Metamaterials for solar cells - Enhanced efficiency and lower cost?
A case study by Ned Taylora and Steve Hepplestonea and Solaris Photonics
aUniversity of Exeter
Solar cells provide a means of harnessing sunlight and converting it into electricity. This is achieved by the incident light exciting an electron-hole pair in a material. Within this material, the electron and hole should see drastically different electronic structures, such that the electron and hole are decoupled and one of the charge-carriers is able to pass into an electrode of the device.
This field is currently dominated by silicon solar cells, which is limited to a maximum theoretical efficiency of 28%.
By considering other materials for solar cell devices, the hope is to reduce the production costs and offer a material with greater efficiency than that of silicon. This application’s potential is a price comparable alternative to silicon solar cells which could exceed silicon efficiency. Optimisation and development of the system is ongoing.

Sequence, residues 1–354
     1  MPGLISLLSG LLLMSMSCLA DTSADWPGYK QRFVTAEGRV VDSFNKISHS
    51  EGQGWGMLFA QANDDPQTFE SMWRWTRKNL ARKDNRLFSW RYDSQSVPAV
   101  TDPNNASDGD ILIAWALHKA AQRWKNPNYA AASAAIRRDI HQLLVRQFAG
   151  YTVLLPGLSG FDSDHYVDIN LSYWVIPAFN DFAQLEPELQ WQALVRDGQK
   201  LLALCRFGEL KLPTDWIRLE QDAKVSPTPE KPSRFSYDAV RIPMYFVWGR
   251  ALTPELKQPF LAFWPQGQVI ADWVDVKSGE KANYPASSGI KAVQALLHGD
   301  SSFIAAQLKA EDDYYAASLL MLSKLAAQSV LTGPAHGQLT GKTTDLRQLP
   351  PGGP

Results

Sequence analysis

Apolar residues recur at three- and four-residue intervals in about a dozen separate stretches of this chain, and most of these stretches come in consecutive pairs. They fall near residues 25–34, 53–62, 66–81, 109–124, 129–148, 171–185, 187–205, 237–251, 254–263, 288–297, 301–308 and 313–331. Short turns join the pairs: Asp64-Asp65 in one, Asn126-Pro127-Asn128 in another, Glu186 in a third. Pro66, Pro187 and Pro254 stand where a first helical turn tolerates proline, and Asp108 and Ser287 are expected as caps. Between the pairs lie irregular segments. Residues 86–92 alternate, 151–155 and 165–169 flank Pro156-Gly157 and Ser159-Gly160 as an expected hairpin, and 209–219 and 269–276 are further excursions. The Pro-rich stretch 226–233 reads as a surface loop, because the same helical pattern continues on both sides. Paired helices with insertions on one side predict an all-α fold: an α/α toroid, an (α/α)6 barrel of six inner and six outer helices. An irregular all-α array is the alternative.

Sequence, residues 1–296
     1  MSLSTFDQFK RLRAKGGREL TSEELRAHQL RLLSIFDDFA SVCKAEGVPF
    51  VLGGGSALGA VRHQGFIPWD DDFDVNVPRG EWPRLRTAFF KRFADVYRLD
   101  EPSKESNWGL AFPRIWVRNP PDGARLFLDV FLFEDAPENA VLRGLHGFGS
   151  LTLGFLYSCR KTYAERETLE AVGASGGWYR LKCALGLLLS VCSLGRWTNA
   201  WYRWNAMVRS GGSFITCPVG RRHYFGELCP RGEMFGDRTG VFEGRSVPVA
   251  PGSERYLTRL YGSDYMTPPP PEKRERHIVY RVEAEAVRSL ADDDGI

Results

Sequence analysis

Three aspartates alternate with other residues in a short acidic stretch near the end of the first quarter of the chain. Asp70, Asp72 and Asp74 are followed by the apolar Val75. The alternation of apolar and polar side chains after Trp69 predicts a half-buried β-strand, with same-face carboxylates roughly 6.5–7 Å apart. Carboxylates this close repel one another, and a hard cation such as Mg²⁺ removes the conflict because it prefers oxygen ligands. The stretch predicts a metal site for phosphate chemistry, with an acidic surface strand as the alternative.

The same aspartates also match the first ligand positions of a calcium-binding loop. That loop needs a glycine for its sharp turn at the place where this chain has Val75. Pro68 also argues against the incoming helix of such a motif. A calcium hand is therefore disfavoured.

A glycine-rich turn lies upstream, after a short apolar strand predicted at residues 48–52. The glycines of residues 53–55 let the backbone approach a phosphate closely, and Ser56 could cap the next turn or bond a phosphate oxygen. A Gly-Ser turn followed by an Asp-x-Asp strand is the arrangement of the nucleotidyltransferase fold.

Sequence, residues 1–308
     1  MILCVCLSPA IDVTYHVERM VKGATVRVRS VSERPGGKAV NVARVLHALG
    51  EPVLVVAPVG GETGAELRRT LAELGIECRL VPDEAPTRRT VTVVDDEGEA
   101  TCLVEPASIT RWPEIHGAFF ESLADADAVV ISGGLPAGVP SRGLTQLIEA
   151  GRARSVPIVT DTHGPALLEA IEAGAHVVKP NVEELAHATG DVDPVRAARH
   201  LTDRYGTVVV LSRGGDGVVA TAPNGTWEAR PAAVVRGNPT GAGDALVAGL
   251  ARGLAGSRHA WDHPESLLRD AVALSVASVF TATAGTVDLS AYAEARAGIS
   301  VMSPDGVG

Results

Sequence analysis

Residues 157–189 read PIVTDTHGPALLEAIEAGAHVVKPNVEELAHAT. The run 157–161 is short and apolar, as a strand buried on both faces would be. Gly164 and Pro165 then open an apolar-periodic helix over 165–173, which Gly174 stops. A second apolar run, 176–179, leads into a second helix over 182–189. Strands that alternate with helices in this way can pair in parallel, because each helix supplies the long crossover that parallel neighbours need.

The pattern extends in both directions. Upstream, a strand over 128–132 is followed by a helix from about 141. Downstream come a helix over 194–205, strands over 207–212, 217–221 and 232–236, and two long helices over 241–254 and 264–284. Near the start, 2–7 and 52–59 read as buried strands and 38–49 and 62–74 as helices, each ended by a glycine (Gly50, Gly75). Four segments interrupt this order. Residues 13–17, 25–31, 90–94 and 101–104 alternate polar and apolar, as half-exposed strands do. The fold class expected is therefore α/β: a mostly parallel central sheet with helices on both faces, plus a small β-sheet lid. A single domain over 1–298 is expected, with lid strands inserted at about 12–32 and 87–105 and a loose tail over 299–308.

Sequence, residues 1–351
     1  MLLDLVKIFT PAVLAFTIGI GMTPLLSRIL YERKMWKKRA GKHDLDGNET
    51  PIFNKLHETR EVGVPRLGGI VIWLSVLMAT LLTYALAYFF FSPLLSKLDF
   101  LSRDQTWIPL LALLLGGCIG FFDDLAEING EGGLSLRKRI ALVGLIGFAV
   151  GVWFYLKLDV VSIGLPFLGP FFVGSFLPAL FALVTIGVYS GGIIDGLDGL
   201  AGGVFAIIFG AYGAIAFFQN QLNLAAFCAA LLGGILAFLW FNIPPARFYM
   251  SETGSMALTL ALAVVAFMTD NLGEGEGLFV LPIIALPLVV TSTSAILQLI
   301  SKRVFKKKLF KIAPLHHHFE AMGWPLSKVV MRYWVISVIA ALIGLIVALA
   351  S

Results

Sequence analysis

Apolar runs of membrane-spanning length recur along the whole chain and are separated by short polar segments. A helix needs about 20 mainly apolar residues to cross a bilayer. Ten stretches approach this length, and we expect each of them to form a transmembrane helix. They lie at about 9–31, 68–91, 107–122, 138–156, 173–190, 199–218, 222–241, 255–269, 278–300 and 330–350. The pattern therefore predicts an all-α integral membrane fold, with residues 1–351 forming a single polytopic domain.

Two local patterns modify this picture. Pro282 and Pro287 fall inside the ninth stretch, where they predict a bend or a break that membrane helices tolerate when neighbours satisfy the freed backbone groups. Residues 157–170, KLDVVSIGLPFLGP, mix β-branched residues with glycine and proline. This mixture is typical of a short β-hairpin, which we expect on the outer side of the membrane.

Solaris Photonics works with Dr. Hepplestone and N. Taylor to use cutting edge theoretical methods to search for suitable materials for the device.
Why use a metamaterial?
Metamaterials are made to display structure on the length scales of the waves being used by the system. In solar cells, metamaterial structures can be designed to have transparent contacts such that only the main active layer is the absorber.
Solar cells need what are termed as injection layers, which are responsible for creating an effective electric field across the device. These injection layers need to (a) have an offset in their effective Fermi levels (or work functions) and (b) be optically transparent or so thin that the wavelength of the relevant light has little to no interaction i.e. a metamaterial.